On Making Decisions-Part 1

On the TUNNEYSIDE of SPORTS August 11, 2014 #501  Up next: On Making Decisions- Part 1

After review…Much of my adult working life has placed me in the position of making decisions about others. Of course, I had decisions to make during childhood — mostly personal e.g., type of clothing to wear or buy, kind of ice cream cone preferred, etc. — mundane choices for what I wanted or needed. This column/blog is focused more on decisions we make involving others. Although research tells us that two of the most difficult decisions an adult must make are choosing a mate and buying a home, this topic is about how to consider what process to use when making decisions about others.

As a teacher, coach and school administrator I was faced, daily, with decisions that could shape the lives of others. Many of these decisions were of a disciplinary nature, which was the result of a student’s wrong action. Some were minor and seemingly easily corrected. Others were more serious to the point of suspension or expulsion. In every case an examination of the issue had to be carefully considered. A decision formed hastily and without a thorough thought process could have an adverse effect.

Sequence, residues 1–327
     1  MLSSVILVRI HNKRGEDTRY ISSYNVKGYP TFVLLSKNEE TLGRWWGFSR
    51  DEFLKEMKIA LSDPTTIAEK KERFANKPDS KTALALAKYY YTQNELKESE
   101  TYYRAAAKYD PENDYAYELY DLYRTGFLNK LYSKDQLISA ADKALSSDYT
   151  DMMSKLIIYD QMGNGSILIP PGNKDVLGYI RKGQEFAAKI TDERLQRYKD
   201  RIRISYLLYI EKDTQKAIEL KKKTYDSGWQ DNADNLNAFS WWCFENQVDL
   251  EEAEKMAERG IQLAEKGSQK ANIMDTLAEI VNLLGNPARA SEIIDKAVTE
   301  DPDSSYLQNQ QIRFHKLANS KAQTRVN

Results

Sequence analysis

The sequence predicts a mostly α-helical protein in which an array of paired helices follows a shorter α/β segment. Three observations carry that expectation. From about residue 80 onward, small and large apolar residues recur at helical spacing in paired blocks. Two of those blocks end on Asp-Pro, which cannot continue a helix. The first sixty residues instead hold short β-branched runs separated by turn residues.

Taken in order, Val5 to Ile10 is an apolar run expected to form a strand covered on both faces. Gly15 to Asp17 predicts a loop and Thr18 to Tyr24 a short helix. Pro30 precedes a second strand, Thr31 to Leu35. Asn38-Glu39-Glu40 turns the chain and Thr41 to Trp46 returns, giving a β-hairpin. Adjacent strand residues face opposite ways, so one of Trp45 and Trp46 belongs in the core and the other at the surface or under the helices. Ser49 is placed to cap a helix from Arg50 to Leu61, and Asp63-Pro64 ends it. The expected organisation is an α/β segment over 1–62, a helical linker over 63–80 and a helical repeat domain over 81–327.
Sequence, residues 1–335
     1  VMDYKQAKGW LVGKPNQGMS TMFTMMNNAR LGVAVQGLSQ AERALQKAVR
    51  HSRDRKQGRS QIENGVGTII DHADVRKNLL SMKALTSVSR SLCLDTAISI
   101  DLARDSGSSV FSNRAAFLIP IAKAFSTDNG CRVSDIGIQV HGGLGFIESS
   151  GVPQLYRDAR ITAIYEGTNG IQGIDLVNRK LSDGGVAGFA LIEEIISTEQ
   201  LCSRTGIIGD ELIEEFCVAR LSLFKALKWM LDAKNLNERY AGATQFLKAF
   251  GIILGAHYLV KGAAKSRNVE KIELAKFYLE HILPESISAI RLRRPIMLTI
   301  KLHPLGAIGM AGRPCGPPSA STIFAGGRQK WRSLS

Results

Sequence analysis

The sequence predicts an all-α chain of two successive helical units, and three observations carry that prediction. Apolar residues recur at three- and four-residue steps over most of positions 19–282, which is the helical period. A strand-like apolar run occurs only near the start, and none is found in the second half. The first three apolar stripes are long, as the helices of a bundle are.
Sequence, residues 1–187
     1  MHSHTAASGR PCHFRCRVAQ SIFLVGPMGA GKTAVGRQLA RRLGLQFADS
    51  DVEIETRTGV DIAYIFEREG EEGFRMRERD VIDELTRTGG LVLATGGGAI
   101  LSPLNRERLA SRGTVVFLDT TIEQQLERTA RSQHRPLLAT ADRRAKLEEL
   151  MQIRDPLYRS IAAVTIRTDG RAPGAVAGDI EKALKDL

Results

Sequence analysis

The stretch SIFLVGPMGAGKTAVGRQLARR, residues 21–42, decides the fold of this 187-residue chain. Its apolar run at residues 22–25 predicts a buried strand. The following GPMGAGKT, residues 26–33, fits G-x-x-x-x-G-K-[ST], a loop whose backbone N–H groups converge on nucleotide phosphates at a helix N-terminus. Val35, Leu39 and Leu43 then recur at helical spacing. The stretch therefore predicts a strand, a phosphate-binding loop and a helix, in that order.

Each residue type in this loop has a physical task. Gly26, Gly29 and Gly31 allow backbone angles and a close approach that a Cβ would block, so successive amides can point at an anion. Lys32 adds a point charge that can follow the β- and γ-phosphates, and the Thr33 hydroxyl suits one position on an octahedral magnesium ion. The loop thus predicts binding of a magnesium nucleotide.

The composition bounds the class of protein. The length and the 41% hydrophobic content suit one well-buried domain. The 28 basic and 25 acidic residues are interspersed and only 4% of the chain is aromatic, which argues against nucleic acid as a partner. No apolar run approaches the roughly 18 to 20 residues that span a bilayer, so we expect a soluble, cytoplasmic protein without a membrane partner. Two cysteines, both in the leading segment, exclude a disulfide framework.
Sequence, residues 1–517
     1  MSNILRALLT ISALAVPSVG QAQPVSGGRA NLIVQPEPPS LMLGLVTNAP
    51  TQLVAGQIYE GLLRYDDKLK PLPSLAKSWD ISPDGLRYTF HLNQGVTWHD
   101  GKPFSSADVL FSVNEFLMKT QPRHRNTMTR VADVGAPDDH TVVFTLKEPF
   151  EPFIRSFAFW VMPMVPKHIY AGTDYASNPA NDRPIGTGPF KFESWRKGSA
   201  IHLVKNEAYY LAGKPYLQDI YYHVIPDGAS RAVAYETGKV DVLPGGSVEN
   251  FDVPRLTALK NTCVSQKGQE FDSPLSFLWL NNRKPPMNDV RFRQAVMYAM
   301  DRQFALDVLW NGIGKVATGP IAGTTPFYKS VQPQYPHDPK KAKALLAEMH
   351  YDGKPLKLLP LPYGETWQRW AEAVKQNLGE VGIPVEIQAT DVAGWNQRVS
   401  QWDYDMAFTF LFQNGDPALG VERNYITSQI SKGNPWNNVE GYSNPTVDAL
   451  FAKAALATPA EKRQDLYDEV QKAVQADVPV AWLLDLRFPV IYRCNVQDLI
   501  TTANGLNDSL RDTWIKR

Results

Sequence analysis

My father, a former teacher and school administrator, taught me three principles of decision making. #1: consider what is best for that person. In other words, as a decision maker one needs to know how the affected person will respond. The goal is helping that person learn and respond successfully. It is often said: Forget what hurt you, but never forget what it taught you. The true definition of discipline is learning, not punishment.

Second, how will your decision affect the group? People can learn from another’s mistake so your decision is important for those surrounded by the accused. Further, the strength of your decision can affect other’s thought processes. Their reaction(s) may be positive or negative based on your decision.

Thirdly, what would be your decision be, if this person were your son or daughter? We certainly want the best for our own and not let our decision destroy one’s self-esteem or self-confidence. Yet, a wrongful deed needs to be corrected.

This topic will be followed in the future with decision making in the business world.

Will you give thoughtful consideration to the process you follow in making decisions?

To contact Jim go to www.jimtunney.com or email jim@jimtunney.com.

Jim’s new book “101 Best of TunneySide of Sports” click here.



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